Now in their third year, the TES Schools Awards - or Tessas - aim to celebrate this work. This year's awards attracted a record number of entries, extolling the achievements of teachers, school leaders, support staff and pupils alike. If there is one principle underlying the awards it is that success is a team effort. It is rarely the product of one person acting alone. Having said that, one individual will receive the Lifetime Achievement award in recognition of a career devoted to education.
This year, one of the categories, Outstanding Community Partnership, attracted such a large number of high-calibre entries that we decided to split it in two. One award will recognise a community partnership; the other will acknowledge community partnerships with a business link. Another innovation this year is that the judges will choose a School of Schools from the winners of the three school categories, for primary, secondary and special needs.
On these pages, some of the schools are singled out in the introductions, but do not read anything into this: the final judging has yet to take place. The winners will be announced at a gala lunch at the Park Lane Hilton in London on 8 July. We hope to see many of you there.
Nick Morrison, Deputy Features Editor
PRIMARY SCHOOL OF THE YEAR
Drove Primary Swindon, Wiltshire
Gosberton Primary Boston, Lincolnshire
King Solomon Academy Primary St John's Wood, London
Old Park Primary Telford, Shropshire
The Pilgrim CofE Primary Rochester, Kent
Ysgol Glan Gele Infants Abergele, Conwy
Drove Primary set up a youth club for disaffected pupils and has supported neighbouring schools, while Gosberton has introduced pupils to other cultures through its global links.
At King Solomon Academy, university aspirations are promoted from day one, and at Old Park pupils are inspired through creativity. The Pilgrim Primary has been named the most improved in the country, while Ysgol Glan Gele has set up a boys' reading scheme that has had impressive results.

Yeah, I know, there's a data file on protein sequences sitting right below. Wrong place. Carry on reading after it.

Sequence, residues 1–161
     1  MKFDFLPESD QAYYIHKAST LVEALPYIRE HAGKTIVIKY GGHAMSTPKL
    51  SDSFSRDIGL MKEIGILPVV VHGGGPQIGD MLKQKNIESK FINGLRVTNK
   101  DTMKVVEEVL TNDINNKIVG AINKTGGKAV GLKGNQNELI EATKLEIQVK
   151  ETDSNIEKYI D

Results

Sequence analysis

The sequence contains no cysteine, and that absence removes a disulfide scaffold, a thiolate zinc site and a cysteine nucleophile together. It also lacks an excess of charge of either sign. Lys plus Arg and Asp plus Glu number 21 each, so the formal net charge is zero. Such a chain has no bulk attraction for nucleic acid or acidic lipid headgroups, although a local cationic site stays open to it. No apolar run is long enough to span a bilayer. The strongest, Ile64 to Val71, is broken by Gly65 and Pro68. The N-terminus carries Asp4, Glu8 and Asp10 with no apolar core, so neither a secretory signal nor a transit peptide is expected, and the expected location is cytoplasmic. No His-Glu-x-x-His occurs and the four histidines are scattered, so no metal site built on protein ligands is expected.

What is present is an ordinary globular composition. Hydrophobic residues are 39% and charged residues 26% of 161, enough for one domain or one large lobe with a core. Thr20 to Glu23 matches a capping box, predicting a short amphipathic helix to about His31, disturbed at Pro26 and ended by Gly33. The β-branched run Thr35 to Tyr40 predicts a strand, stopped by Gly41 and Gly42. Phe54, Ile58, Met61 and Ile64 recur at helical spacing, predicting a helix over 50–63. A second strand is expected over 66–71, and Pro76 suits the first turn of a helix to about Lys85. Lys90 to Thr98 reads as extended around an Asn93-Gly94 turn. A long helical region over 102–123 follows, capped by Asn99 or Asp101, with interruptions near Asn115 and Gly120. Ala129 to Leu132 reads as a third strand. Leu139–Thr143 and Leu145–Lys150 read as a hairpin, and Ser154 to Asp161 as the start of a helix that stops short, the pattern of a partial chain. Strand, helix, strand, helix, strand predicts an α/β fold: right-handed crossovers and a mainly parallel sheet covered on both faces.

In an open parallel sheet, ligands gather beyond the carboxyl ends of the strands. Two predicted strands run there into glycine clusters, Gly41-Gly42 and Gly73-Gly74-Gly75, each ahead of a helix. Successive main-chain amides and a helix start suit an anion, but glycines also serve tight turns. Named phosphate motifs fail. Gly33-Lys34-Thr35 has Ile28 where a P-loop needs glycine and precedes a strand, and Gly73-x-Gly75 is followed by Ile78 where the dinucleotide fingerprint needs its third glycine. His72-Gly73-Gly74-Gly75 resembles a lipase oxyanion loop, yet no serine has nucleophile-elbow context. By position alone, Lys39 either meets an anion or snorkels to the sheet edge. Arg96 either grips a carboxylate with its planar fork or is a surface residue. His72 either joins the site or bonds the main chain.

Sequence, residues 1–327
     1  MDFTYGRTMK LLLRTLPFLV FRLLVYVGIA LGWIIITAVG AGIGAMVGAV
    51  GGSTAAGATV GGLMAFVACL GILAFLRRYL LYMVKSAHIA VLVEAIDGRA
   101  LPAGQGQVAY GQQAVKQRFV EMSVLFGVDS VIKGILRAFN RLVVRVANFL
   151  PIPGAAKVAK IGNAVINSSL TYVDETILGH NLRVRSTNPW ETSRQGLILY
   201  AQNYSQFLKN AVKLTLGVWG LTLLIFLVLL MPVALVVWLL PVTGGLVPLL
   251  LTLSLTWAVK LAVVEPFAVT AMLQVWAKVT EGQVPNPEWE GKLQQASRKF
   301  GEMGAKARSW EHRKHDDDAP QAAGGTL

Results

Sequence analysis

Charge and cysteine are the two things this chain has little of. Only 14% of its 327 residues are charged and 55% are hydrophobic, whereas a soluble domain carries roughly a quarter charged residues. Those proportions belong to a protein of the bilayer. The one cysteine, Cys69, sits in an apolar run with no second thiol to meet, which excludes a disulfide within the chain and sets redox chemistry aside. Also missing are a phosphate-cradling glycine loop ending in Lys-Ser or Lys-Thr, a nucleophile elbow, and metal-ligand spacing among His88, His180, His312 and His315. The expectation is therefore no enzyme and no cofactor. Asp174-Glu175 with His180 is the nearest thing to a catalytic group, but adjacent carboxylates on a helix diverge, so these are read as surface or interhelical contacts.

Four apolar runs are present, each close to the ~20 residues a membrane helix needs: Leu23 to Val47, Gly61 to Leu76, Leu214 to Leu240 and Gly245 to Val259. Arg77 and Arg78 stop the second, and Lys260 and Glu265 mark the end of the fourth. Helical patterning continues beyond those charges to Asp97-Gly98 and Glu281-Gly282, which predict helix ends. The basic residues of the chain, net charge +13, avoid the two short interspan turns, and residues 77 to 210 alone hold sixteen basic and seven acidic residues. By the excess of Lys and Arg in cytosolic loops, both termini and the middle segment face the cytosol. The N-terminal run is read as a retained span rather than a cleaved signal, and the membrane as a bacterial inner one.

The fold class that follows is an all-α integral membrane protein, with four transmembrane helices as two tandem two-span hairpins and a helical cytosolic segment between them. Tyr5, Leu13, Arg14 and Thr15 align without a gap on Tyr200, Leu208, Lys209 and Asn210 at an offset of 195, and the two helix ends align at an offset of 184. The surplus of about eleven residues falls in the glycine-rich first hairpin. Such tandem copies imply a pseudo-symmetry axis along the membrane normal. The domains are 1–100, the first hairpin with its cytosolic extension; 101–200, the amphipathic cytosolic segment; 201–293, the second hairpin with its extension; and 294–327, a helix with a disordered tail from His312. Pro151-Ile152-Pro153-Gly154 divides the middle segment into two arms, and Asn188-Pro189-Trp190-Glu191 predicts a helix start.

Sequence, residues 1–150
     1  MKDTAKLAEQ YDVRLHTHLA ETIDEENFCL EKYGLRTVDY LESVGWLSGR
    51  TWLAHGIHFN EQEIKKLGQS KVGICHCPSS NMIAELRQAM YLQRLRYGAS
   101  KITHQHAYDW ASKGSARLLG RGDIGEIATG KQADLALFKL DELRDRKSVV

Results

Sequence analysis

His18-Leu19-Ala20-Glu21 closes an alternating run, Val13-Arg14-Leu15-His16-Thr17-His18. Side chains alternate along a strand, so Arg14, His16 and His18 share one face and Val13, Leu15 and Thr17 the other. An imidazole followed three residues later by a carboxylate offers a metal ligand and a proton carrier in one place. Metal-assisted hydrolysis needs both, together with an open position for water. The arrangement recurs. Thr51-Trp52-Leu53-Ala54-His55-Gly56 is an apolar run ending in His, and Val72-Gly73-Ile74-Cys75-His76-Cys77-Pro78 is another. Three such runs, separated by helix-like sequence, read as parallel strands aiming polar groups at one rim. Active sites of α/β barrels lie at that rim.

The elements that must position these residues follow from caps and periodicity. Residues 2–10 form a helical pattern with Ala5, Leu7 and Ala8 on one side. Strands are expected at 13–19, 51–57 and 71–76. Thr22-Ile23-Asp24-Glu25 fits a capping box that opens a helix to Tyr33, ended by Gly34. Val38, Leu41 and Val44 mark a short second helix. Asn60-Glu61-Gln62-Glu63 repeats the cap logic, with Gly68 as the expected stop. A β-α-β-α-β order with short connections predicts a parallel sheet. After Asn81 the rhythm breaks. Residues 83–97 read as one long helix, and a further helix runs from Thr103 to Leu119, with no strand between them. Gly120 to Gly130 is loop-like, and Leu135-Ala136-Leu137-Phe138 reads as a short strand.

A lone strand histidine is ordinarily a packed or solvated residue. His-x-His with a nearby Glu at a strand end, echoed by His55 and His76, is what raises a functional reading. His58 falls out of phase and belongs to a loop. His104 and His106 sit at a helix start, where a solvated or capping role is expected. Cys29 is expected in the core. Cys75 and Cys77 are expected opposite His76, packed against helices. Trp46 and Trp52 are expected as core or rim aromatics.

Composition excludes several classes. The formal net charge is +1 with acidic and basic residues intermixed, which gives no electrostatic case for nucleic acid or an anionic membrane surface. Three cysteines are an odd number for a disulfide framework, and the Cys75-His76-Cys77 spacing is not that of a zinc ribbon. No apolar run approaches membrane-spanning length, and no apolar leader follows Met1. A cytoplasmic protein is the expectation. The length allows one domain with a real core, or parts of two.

SECONDARY SCHOOL OF THE YEAR
Baxter College Kidderminster, Worcestershire
Burlington Danes Academy Hammersmith, London
Highcrest Community School High Wycombe, Buckinghamshire
Perry Beeches School Birmingham
Pool Business and Enterprise College Redruth, Cornwall
Woodside High Haringey, London
Baxter College's improvements have seen its roll double, while Burlington Danes' results have risen since it replaced a failing school. The number of students at Highcrest leaving with nothing to go on to has fallen from 25 per cent to 2 per cent.
Perry Beeches was named most improved school in the country this year, while Pool Business and Enterprise College has been recognised for supporting other schools.
Finally, Woodside High's GCSE results have improved sevenfold in five years.
SPECIAL SCHOOL OF THE YEAR
The Bridge School Telford, Shropshire
Frank Wise School Banbury, Oxfordshire
James Brindley School Birmingham
Newman School Rotherham
The New School Butterstone Dunkeld, Perthshire
The New School at West Heath Sevenoaks, Kent
Among the finalists in this category is the Bridge School, where pupils are heavily involved in enterprise projects. At Frank Wise, the focus on inclusion means students spend at least half a day a week in mainstream schools.
James Brindley gives pupils with severe medical conditions the opportunity to take part in activities outside school, while students at Newman run a commercial cyber cafe and prepare meals for the elderly.
The New School at Butterstone helps its pupils, many of whom have autistic spectrum disorders, live independent lives, and the New School at West Heath has set up a therapeutic unit for pupils who have been severely traumatised and often out of school for several years.